Amazon Price: $18.95 $11.49 You save: $7.46 (39%). (as of April 21, 2018 1:15 am –
World War I aerial combat went through periods of alternating aerial superiority based on technology leaps. Sopwith Camels, Fokkers, and Spads became famous because they dominated later in the war, but this was an ongoing cycle for years.
In the spring of 1916 the deployment of the RFC's FE 2 – with its rotary engine 'pusher' configuration affording excellent visibility for its pilot and observer, and removing the need for synchronized machine guns – helped wrest aerial dominance from Imperial Germany's Fokker Eindecker monoplanes, and then contributed to retaining it throughout the Somme battles of that fateful summer. However, by autumn German reorganization saw the birth of the Jagdstaffeln (specialised fighter squadrons) and the arrival of the new Albatros D scout, a sleek inline-engined machine built for speed and twin-gun firepower. Thus, for the remainder of 1916 and well into the next year an epic struggle for aerial superiority raged above the horrors of the Somme and Passchendaele battlefields, pitting the FE 2 against the better-armed and faster Albatros scouts that were focused on attacking and destroying their two-seater opponents. In the end the Germans would regain air superiority, and hold it into the following summer with the employment of their new Jagdgeschwader (larger fighter groupings), but the FE 2 remained a tenacious foe that inflicted many casualties – some of whom were Germany's best aces (including 'The Red Baron').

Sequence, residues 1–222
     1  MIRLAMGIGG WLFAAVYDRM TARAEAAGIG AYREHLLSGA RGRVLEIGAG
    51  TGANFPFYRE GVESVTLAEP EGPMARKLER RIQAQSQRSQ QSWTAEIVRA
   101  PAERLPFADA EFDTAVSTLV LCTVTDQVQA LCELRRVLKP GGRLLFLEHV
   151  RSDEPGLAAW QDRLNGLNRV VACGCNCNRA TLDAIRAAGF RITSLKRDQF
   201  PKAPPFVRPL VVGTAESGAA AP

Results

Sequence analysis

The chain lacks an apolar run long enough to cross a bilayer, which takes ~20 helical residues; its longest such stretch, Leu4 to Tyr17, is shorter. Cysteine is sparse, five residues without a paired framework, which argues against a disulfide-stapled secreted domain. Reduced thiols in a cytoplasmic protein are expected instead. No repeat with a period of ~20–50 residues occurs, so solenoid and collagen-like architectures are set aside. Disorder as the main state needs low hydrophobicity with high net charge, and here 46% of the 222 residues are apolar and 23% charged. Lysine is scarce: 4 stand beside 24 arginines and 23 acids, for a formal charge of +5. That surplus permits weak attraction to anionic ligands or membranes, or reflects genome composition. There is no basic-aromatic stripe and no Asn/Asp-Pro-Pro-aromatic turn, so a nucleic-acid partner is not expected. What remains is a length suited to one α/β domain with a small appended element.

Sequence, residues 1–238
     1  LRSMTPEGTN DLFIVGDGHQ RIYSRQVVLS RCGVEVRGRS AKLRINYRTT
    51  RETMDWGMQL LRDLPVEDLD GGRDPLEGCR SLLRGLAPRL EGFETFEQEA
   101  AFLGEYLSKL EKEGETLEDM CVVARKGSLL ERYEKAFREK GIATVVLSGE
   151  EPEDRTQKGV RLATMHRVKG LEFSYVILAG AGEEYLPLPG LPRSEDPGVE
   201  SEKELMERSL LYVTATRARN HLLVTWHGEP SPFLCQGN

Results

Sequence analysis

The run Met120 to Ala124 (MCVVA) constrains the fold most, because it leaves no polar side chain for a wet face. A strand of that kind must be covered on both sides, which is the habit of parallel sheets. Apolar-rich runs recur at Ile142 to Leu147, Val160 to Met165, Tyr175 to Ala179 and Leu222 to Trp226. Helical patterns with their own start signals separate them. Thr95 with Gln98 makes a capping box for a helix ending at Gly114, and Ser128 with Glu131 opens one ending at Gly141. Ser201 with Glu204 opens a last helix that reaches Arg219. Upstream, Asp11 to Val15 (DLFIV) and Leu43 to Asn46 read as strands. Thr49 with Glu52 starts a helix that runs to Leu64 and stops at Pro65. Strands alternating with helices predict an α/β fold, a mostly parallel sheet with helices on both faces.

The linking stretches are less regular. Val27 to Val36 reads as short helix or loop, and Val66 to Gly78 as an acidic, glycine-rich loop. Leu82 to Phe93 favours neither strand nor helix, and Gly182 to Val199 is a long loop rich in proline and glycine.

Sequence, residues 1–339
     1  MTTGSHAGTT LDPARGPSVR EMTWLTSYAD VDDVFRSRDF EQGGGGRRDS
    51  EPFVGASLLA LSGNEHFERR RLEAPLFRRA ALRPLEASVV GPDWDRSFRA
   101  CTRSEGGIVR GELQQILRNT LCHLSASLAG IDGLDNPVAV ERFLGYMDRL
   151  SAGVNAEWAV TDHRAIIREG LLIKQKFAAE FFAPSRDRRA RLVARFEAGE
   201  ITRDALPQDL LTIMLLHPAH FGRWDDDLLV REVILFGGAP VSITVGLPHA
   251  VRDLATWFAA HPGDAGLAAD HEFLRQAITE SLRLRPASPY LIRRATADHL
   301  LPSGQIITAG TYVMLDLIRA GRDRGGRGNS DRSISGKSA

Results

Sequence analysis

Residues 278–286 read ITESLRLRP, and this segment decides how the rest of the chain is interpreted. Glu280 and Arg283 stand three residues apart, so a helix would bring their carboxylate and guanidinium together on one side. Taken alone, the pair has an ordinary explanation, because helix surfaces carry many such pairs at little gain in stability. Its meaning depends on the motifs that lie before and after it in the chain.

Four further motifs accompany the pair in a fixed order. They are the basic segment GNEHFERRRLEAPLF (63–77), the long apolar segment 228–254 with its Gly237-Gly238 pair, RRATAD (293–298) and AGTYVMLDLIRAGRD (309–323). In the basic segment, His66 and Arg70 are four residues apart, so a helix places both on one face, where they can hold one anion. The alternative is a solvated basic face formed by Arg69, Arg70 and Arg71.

Reviews of A-10 Thunderbolt II Units of Operation Enduring Freedom 2008-14 (Combat Aircraft). A-10 Thunderbolt II Units of Operation Enduring Freedom 2008-14 (Combat Aircraft) – Kindle edition by Gary Wetzel, Jim Laurier. Buy it once and read it on your Kindle device, PC, Android (phone + tablet) or iOS (iphone + ipad). Use features like bookmarks, note taking and highlighting while reading A-10 Thunderbolt II Units of Operation Enduring Freedom 2008-14 (Combat Aircraft).. Buy online at Aviation Bookstore.
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The untold story of A-10 units in Operation Enduring Freedom reaches its conclusion with this second of two volumes focusing on the type's combat missions in Afghanistan. Featuring numerous first-hand accounts and photography from those who experienced the conflict, along with imagery from official military archives, this book offers a unique and detailed insight into the record of the A-10 in one of the 21st Century's most significant conflicts. Initially, the A-10 Thunderbolt was not a favourite of the USAF, which, prior to the Iraqi invasion of Kuwait in 1990, was hoping to shunt this Cold War relic onto the US Army and Marine Corps. But since then the 'Warthog', with its formidable armament, ruggedness and flexibility, has continually proven itself in combat and evolved into the world's premiere close support aircraft. In 2002 the Thunderbolt was at the forefront of Operation Enduring Freedom, the US occupation of Afghanistan.